Ethics Commission places emphasis on Corporate Social Responsibility

ABOVE: Ethics Commission President Cecilia Gardner (right) and Ethics Commission Vice President Udi Sheintal.

OCTOBER 27, 2016

CIBJO’s Ethics Commission President Cecilia Gardner began the session by reviewing the Corporate Social Responsibility (CSR) course, developed by CIBJO together with Branded Trust of Australia. The course is now available online, and is accessible through the CIBJO website.

“I would urge you to encourage all of your members about thinking about how they can incorporate CSR in their business activities,” she said. “The course is in six parts of approximately 40 minutes each and there is a nominal fee. I assure you it is time well spent. Promote it to your association members, as it is very much targeted at people who are engaged in aspects of the jewellery business. It is a very basic course, and a good starting point.”

The next issue on the agenda was The Jewellery Industry Summit 2016, which took place in New York City in March and which Ms. Gardner was a key organiser. “CIBJO was very much involved in it and was one of the sponsors. It was an open forum for discussing sustainability in the jewellery business. It looked to create broad based awareness and activities that can bring about supply-chain guiding principles, relating to sustainability. Industry professionals also set up workshops and it was a very dynamic and interactive event,” she explained.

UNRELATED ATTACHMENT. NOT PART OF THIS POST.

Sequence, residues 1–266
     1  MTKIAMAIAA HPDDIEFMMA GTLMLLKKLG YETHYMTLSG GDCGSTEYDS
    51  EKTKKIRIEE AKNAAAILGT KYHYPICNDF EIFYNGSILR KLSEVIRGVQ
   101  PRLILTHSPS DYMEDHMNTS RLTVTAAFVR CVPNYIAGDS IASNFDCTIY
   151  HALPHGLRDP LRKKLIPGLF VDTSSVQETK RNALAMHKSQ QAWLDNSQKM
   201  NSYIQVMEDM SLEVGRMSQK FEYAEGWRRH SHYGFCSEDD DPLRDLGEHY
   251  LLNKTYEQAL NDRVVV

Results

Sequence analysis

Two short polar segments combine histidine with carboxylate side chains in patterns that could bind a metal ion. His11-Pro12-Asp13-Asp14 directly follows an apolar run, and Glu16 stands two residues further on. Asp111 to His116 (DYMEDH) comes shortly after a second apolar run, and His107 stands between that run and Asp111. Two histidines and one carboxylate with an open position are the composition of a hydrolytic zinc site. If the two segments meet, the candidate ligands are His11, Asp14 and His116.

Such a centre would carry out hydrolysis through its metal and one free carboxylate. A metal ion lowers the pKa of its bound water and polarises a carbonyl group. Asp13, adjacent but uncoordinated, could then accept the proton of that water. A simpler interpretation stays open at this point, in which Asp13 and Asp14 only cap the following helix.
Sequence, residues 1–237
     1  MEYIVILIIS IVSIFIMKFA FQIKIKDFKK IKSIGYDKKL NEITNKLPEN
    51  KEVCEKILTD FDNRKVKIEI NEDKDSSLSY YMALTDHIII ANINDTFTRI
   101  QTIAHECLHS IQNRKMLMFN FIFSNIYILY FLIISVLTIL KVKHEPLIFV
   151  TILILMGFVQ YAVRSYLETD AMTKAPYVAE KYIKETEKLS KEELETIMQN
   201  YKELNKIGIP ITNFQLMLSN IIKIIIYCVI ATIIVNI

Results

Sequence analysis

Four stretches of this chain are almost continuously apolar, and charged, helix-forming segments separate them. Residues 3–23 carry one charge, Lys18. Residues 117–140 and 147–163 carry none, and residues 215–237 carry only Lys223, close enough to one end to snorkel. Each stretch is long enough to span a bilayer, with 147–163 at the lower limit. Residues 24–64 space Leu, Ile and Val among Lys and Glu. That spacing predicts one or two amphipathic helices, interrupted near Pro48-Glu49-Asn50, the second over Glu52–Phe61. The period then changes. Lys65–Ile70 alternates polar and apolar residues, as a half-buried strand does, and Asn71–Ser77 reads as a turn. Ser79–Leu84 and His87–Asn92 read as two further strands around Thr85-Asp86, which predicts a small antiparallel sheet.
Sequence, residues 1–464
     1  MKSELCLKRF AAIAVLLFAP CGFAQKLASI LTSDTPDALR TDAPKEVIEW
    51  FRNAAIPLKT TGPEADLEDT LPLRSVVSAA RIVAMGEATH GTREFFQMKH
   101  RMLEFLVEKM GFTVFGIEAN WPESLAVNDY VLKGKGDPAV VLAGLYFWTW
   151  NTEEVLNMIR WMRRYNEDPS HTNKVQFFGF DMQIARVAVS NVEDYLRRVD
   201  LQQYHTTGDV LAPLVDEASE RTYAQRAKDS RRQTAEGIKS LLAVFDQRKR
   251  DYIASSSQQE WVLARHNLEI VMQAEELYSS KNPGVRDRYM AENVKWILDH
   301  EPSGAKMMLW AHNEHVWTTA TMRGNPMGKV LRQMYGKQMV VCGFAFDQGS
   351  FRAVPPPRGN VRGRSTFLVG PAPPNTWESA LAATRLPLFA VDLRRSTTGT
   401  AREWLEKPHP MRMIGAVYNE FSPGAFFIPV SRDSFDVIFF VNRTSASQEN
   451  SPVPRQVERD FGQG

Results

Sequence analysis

The Jewellery Industry Summit aimed to identify strengths and opportunities for the jewellery trade to sustain and improve its supply chain, and also envisioned how the industry will look in 20 years if all players engage in responsible business practises. It also considered specific actions that could be taken in the short and long terms, Ms. Gardner told the meeting.

The second summit is due to take place in Tucson, Arizona, next year immediately preceding the AGTA Gem Fair.

The issue of synthetic diamonds was discussed. There is heightened concern regarding the disclosure of such stones, Ms. Gardner said. “I have been asked repeatedly as General Counsel of the Jewelers Vigilance Committee (JVC) if a general reassurance from suppliers regarding such goods is sufficient in law for a retailer if he sells items which are then discovered to have synthetic diamonds set in them,” she stated. “I give the same answer that I have been giving for the past 18 years – no. The only protection is to engage in a quality assurance program. Synthetics are still a small part of the market, but they are increasing and this issue is being addressed by all the international diamond organisations.”

She suggested that jewellers take a piece of jewellery apart, check if there are real diamonds set in it and keep a record of their inspections. “You can then tell clients that you have guarantees from suppliers and that you check on a regular basis,” she said.

Ms. Gardner concluded with comments about the Ethics Commission providing information to the U.S. Federal Trade Commission for its guides, about what kind of conduct would be considered as deceptive when trading jewellery in the United States.

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